Atmospheric Remote Sensing
Atmospheric Remote Sensing: Modeled PM2.5
Atmospheric remote sensing can be used to measure levels of some air pollutants. Remote sensing data come from satellites. These data can be used in combination with other data to help us better understand when and where air pollution is happening. This is important because air pollution can cause health problems. Knowing more about when and where air pollution is happening can help public health officials and others do more to protect our health. Read more about the health problems related to air pollution here.
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Compliance with air pollution standards usually is measured through the use of EPA's Air Quality System monitors. These monitors are on the ground and are placed around the country, mainly in large cities. Data from these monitoring stations are considered the "gold standard" for determining outdoor air pollution. However, this information is limited because the monitoring stations are usually near big cities and may take air samples only every three days or during periods when air pollution is very high. Read more about air monitoring here. Using remote sensing data from satellites can help fill in the gaps that exist from air monitors on the ground.
Although atmospheric remote sensing data can help estimate air pollution levels, these data have limitations especially if used on their own. Satellite data are not always available. For example, it is nearly impossible to collect satellite data on a cloudy day. Clouds can interfere with the satellite's ability to collect data which can cause a gap in the information that comes from them. This is one reason why atmospheric remote sensing data should be used in addition to monitoring and modeled air data.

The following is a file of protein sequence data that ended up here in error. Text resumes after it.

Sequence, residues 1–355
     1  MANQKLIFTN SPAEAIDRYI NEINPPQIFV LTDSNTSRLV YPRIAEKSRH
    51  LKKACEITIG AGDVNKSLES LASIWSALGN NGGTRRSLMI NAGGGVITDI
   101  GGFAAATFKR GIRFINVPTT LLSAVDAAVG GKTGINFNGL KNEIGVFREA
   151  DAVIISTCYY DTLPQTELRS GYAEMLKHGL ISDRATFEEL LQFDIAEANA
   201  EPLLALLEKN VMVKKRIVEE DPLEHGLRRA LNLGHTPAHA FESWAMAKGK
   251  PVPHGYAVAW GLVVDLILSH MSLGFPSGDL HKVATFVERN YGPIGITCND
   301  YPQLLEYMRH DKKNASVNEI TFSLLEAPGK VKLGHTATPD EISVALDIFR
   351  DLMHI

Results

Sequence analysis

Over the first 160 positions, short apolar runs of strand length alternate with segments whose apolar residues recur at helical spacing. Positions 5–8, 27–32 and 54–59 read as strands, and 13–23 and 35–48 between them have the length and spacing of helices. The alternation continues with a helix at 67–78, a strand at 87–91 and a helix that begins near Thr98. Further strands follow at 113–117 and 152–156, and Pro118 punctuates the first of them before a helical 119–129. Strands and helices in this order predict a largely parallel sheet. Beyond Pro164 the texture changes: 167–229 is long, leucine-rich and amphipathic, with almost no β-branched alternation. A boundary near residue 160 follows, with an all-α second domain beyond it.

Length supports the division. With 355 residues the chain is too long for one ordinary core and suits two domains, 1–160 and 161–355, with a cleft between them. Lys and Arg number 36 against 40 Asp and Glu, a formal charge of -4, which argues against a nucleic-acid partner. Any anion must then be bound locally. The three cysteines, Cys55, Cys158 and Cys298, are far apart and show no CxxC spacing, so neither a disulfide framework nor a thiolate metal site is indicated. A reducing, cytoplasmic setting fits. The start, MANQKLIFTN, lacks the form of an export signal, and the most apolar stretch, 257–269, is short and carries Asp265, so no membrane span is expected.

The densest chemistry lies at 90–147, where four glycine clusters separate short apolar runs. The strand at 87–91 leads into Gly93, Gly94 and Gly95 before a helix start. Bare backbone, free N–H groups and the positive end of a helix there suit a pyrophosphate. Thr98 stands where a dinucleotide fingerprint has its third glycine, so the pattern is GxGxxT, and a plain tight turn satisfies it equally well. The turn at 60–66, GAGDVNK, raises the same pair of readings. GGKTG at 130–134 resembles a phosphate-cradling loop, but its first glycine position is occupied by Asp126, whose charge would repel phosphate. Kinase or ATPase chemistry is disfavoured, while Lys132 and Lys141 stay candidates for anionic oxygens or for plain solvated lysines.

The National Aeronautics and Space Administration (NASA) provides atmospheric sensing data from their satellites for this project. Scientists from CDC, NASA, and Emory University are working together to determine how these data can be used with other air pollution monitoring data to measure fine particulate matter in outdoor air. Fine particulate matter is also called PM2.5. Read more about PM2.5 here.
The Tracking Network is now providing estimates of annual average PM2.5 concentrations using remote sensing data. Currently, data are available only for Alabama, Georgia, and parts of South Carolina, Tennessee, North Carolina, Florida, and Virginia. This project is still evolving, but we are sharing the progress we have made.
Annual PM2.5 Level (Remote Sensing Data)
This indicator provides county-level information on the annual average level of PM2.5 using atmospheric remote sensing data. These data can be used to show trends in PM2.5 over time. This information can be used with other air pollution estimates to understand more about when and where people are exposed to PM2.5. The file below includes annual remote sensing PM2.5 predictions using two different sources of weather data.
- Remote sensing data using North American Regional Reanalysis (NARR)
- Remote sensing data using North American Land Data Assimilation Systems (NLDAS)